Depression and Weight Issues Have you been diagnosed with depression, are possibly on depression medication, and find it affects your weight loss efforts? Post here for support!

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Old 10-13-2004, 04:22 PM   #1  
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Default Best Way To Give Someone Support

Thought I'd share...... Some times even the simplest word can change the life of a person.


Whats the best way to give someone support.

Helping someone who's in mental distress can range from giving them emotional support (by listening to them and showing them appreciation, for example) to providing them with the practical help they need to live their lives from day-to-day.


Listening

People who are feeling bad often have a need to talk to someone about what they are experiencing. All too often, others find it hard to listen. Instead, they interrupt to talk about themselves or to tell the person what they should do or how they should feel. If you can listen well, the person may be able to talk in a way that could help them feel better. They may express emotions in a physical way: by crying, or getting flustered and agitated, or even by laughing.

Releasing feelings in this way may help them to be more relaxed and to think more clearly. You may need to offer reassurance and encouragement ('I want to hear about it', 'It's good that you're crying'). Asking the right questions can help people to reach the most important things ('What's really bothering you?', 'Why do you think you are feeling like this?').

Listening well does not always mean keeping quiet, but it does mean thinking about how you can help the other person to open up and talk. It's not easy to listen well, but it's always worth making the effort. It can make a significant difference to someone you want to help. It could be that the person you want to help may feel too depressed, scared or untrusting to talk. You can still let them know that they are welcome to talk to you, if and when they want to.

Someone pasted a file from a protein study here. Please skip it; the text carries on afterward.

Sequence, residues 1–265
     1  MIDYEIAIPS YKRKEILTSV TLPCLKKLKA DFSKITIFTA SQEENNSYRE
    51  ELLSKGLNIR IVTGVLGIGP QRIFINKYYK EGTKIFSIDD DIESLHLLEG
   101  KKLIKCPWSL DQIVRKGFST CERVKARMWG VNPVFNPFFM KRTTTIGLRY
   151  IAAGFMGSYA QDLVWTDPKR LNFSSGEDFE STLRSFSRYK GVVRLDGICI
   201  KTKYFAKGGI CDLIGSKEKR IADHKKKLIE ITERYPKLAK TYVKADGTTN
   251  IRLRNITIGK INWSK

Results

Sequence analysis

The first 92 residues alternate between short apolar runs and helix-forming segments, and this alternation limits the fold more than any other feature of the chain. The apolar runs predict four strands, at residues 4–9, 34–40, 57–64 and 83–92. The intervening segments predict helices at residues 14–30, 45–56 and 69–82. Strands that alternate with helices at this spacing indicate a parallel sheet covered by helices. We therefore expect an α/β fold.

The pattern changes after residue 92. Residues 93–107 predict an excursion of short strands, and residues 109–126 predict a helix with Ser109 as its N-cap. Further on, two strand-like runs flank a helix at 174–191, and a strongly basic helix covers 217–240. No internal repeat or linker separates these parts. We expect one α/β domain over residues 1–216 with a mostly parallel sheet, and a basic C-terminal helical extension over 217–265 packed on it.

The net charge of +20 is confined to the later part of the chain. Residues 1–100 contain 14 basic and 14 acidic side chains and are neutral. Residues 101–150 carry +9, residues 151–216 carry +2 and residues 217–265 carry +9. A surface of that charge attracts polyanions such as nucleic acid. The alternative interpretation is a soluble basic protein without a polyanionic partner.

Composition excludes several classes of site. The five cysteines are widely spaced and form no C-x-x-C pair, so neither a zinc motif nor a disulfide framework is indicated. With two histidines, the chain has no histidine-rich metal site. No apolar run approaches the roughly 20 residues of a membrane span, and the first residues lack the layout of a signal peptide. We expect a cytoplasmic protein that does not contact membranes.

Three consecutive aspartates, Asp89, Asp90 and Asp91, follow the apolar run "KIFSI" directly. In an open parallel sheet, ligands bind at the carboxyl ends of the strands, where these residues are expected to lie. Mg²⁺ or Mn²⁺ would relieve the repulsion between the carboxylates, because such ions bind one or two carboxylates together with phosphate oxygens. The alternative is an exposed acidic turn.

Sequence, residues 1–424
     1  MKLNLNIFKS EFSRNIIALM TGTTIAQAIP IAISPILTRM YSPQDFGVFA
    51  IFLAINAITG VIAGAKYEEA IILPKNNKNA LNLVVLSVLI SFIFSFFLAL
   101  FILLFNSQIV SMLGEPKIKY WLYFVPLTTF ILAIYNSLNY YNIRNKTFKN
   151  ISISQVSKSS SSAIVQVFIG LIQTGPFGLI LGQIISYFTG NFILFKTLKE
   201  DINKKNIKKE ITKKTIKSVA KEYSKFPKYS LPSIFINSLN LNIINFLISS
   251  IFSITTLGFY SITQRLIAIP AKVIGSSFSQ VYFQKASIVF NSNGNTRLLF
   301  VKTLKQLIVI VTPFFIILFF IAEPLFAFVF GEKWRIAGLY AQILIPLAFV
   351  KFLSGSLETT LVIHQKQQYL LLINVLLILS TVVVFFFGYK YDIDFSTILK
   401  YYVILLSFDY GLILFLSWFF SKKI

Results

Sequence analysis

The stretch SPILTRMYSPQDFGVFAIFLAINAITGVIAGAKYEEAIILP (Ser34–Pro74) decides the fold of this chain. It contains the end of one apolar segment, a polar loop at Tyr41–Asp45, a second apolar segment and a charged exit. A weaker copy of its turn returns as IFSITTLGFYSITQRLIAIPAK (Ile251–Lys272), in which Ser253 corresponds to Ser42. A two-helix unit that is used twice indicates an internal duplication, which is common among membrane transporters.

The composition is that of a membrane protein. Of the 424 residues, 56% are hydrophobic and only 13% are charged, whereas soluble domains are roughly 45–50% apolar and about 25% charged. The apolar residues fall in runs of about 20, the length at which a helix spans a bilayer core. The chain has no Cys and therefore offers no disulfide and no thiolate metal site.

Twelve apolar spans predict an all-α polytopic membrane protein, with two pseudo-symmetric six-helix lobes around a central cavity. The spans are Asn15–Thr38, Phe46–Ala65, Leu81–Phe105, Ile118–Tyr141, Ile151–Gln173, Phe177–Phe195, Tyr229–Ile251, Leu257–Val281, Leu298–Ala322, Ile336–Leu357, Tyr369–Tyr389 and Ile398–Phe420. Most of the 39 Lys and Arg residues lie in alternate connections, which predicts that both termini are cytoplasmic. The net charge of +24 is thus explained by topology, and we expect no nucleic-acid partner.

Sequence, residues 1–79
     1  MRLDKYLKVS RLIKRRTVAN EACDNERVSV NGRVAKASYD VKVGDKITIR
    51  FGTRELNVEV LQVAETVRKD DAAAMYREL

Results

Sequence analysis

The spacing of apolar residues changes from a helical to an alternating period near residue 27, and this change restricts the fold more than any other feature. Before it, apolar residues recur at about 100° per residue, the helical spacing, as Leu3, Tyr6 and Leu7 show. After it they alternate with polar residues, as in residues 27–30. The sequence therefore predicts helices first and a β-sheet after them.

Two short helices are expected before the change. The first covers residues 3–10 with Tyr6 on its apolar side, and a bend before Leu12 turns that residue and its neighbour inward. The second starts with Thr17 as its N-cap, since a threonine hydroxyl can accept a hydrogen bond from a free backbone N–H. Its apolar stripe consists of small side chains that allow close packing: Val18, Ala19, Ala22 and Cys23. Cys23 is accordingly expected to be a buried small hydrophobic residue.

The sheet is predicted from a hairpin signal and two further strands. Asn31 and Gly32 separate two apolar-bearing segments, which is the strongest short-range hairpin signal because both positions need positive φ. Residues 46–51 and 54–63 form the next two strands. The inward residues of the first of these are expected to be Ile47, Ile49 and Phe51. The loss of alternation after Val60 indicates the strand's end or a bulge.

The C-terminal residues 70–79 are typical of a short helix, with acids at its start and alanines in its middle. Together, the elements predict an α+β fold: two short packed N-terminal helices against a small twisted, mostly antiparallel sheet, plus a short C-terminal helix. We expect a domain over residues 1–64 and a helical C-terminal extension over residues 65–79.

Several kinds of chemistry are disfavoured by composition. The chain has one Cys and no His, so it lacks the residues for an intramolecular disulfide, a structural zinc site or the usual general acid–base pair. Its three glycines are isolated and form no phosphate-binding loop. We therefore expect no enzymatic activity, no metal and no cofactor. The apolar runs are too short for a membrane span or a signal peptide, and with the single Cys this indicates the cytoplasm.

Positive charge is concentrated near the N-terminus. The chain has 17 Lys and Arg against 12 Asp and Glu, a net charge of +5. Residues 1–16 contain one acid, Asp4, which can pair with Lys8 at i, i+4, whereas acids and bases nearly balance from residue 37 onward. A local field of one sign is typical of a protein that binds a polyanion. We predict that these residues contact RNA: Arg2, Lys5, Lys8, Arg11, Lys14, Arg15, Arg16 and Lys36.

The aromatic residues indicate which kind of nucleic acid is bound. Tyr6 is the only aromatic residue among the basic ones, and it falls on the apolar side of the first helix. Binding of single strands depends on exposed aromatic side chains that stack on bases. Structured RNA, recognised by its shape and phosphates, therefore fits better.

Appreciation

We can all benefit from receiving praise. This particularly applies to someone who has lost their self-confidence. A person who has been used to leading a normal life can find it difficult to give themselves credit for small, but important achievements, such as taking a quarter less of a tranquilliser or travelling a mile on a bus.

Successes such as these need to be recognised for what they are: brave and significant steps on the road back to recovery. Appreciation from you may help them to feel good and be ready to make more progress.

Touch

Being touched may help someone feel safe, secure and loved. It can also help bring buried feelings to the surface; a warming hug can turn tension into tears. Unfortunately, some people may have had such bad experiences of being touched that they find this contact difficult. This is particularly true for women who have been touched by men in ways they have not wanted.

If you can find ways of touching that feel right for both of you, it can be relaxing and reassuring. You might hold the person's hand while they talk, or touch their arm when you say good-bye. You could learn to give a massage to the head, feet, hands or shoulders, where tension builds up. Local colleges may run suitable courses.


Laughter

We feel better after a good laugh, and this applies as much to people who are mentally distressed as to anyone else. You don't always have to be serious to show that you care. Sometimes it's best to do something that helps people forget about their problems for a while. You could go to a film you know they will enjoy, or remind your friend of amusing things you did together. Being light-hearted is different from trying to force someone to 'pull themselves together', which is never useful.


Practical Help


Someone who is feeling bad can find it difficult to do day-to-day tasks like shopping, cooking, cleaning and paying bills. A period of mental distress can create extra work, such as sorting out social security payments. It can be a great relief to have some help from someone, and this can be the best way of showing them you care. But it's important not to take over, and leave the person feeling even more inadequate. So do things together.

Ohh don't forget the most important one.... PRAYER
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Old 10-14-2004, 09:35 AM   #2  
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excellent advice!
thanks Leenie!
hugs,
cathy
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